Sun Sentinel Palm Beach Edition
Offering housing solutions
She said the theory in offering incentives is comparable to what Broward County is already doing: Last year the county announced a plan to spend millions of dollars to help with buying land and the construction of more than 1,000 new apartments.
Officials said at the time if government wasn’t intervening, the homes may never be built.
“You have to give them some carrot to get them to be interested in doing this,” Rich said. “This is not a bad thing. This is a very good thing.”
But other local leaders worry the efforts aren’t nearly enough.
“While this might give incentives to developers, it gives little to help those” who are right now “experiencing this rent crunch that’s putting them in desperate situations,” said Deerfield Beach Mayor Bill Ganz. The effort is “solely based on some sort of hope of a trickle-down solution.
“That is not giving any benefit in the current situation in the next six months or the next 12 months or in the near future.” Housing experts agree. “We haven’t seen that support for affordable housing in quite some time,” said Edward Murray, associate director with the Jorge M. Perez Metropolitan Center at Florida International University.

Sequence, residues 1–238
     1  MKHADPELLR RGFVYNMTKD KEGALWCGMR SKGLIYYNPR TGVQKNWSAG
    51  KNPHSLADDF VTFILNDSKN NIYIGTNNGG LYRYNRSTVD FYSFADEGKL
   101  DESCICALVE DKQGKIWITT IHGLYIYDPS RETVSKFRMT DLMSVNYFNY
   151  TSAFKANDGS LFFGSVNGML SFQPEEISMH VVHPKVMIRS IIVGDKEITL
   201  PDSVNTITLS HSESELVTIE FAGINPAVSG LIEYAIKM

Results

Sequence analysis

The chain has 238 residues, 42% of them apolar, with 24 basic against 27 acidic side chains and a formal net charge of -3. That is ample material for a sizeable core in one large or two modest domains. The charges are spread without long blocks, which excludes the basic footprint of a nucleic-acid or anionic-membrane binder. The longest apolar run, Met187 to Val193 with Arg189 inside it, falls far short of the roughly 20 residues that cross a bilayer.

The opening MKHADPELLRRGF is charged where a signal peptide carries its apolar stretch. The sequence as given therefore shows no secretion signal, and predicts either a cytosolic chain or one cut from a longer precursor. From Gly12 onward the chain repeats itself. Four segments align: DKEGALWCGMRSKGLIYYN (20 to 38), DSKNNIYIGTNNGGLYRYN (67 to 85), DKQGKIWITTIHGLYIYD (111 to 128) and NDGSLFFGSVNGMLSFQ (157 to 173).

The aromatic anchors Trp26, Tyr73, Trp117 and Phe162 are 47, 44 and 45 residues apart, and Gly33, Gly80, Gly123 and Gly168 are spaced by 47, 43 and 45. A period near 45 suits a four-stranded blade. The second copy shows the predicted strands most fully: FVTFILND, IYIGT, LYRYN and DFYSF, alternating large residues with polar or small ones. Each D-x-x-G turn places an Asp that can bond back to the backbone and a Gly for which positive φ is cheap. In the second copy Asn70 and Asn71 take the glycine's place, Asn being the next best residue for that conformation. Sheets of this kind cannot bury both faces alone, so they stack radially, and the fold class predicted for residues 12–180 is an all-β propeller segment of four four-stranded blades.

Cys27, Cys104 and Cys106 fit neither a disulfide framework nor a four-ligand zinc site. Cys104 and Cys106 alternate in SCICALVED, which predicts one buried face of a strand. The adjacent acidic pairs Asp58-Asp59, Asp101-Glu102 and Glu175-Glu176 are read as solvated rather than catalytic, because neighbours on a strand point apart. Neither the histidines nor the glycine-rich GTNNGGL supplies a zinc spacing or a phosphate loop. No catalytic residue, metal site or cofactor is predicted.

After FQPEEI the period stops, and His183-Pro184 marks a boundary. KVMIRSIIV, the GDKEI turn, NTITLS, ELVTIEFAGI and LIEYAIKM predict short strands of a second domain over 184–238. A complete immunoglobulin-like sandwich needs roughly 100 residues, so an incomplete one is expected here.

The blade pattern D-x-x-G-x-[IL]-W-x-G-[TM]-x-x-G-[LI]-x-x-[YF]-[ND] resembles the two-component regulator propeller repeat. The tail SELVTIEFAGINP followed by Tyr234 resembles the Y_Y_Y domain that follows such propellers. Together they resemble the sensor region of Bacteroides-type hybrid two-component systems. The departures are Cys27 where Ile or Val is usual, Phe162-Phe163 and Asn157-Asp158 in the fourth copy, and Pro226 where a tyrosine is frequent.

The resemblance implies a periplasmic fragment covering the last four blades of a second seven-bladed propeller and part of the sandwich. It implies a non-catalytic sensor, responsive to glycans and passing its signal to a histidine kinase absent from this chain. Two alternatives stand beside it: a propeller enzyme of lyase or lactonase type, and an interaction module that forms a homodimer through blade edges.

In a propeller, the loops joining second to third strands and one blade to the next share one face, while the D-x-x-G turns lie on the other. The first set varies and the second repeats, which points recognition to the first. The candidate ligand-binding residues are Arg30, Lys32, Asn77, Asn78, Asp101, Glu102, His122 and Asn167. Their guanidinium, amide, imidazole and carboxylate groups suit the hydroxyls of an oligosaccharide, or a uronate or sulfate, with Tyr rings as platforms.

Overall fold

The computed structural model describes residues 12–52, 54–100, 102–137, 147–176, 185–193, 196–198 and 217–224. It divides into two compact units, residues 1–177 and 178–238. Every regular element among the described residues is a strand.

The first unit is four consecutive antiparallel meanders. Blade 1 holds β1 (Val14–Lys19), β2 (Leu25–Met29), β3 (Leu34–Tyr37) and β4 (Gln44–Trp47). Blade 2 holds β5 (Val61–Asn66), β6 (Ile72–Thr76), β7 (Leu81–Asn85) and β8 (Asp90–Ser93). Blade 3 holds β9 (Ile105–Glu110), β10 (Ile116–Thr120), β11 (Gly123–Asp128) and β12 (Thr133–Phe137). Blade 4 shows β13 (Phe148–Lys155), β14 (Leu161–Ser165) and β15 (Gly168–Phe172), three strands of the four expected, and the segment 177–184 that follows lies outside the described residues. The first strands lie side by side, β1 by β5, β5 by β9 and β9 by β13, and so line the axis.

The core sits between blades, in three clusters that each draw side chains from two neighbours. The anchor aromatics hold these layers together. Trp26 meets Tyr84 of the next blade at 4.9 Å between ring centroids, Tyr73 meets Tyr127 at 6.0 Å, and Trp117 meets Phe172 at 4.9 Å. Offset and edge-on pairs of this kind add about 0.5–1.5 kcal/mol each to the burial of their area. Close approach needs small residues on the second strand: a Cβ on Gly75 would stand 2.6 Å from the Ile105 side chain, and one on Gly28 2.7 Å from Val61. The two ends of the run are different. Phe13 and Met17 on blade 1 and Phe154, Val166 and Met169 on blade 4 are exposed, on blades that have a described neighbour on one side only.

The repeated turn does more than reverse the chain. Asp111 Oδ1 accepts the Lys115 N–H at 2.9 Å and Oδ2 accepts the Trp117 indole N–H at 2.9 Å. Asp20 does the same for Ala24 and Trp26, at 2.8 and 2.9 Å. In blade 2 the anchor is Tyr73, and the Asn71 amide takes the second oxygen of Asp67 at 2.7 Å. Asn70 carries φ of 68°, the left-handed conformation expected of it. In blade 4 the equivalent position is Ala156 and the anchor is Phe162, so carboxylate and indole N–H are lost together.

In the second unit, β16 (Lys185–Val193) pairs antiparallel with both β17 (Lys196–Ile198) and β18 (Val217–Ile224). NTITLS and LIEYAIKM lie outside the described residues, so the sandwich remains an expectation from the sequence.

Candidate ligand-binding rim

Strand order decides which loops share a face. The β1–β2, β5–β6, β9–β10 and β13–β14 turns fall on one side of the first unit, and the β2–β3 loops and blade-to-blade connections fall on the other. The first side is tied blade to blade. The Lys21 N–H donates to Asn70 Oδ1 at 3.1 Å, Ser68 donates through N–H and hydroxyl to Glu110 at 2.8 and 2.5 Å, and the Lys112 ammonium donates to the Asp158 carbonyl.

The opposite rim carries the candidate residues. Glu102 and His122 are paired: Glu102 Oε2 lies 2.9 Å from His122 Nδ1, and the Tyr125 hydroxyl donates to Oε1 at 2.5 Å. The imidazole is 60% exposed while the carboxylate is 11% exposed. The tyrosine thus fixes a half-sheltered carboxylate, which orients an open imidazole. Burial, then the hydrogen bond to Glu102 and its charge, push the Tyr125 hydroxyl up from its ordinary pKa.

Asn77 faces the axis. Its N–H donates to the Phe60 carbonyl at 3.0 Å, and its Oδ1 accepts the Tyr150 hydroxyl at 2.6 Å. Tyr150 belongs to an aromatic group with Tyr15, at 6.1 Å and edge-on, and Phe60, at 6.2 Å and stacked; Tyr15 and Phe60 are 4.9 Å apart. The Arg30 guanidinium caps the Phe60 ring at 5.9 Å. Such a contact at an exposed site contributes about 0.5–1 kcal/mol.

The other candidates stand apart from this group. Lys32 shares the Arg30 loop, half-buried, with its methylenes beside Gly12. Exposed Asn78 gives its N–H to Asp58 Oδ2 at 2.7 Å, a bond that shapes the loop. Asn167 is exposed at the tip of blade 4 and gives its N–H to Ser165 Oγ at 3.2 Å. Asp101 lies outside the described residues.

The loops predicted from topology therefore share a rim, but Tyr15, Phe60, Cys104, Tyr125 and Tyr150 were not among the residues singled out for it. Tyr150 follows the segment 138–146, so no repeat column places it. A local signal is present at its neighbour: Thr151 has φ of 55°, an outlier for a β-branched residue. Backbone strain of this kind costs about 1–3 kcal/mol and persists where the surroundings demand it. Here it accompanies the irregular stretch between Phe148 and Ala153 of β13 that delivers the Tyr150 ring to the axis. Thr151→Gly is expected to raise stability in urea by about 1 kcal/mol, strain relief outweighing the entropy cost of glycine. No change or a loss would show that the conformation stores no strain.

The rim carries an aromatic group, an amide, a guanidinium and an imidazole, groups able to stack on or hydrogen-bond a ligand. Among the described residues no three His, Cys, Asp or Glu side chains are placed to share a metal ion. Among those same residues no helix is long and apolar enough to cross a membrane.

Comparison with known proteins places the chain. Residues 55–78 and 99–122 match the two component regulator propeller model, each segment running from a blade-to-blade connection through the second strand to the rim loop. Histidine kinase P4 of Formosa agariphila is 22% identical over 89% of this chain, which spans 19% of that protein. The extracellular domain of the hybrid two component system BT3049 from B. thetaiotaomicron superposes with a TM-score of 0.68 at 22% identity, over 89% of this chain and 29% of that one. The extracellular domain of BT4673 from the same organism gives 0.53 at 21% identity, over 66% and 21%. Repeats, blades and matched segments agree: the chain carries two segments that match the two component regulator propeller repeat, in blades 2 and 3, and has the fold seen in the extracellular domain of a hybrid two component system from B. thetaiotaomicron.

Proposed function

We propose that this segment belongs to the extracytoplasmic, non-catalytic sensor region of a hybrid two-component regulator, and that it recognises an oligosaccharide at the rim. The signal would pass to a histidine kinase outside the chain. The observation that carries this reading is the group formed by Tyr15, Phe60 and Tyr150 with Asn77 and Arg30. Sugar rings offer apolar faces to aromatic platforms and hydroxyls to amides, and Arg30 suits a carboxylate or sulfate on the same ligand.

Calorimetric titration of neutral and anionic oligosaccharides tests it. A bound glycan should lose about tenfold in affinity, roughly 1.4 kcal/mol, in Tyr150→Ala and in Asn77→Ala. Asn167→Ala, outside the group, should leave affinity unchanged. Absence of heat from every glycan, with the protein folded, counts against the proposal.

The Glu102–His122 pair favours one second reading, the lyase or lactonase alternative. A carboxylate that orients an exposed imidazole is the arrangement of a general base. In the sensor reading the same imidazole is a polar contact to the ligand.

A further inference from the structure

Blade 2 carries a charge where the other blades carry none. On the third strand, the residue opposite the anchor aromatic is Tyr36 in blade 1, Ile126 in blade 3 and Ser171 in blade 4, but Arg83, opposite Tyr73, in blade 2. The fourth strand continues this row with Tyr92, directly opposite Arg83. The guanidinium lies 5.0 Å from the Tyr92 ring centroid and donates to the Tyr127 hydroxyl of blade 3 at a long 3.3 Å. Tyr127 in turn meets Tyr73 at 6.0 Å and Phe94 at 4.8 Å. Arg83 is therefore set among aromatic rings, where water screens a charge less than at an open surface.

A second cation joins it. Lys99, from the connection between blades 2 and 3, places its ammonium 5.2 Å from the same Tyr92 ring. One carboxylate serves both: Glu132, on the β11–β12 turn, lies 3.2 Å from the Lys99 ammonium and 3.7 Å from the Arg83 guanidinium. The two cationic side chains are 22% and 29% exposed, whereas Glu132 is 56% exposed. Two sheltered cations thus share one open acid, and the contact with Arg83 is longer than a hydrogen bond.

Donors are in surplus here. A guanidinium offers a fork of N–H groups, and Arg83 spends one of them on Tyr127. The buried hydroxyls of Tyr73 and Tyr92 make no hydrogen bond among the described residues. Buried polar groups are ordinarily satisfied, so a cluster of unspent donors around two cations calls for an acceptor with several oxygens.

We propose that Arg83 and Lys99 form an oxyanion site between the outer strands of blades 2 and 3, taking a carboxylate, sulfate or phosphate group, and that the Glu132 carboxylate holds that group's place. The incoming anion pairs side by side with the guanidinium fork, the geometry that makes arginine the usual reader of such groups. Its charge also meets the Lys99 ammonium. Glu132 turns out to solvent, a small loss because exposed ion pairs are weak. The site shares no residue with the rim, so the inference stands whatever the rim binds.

“There’s an unprecedented affordable housing crisis, not just here but statewide and national. I don’t think it [the bill] provides enough. What we’re dealing with is unprecedented, and it’s going to take unprecedented legislation.
“I don’t think anything in the bill focuses on those who are in the greatest need: our renters, our working renters who provide the most of the support for our economy. Those are the issues that still need to be addressed.”
Still, others say Tallahassee is at least paying attention.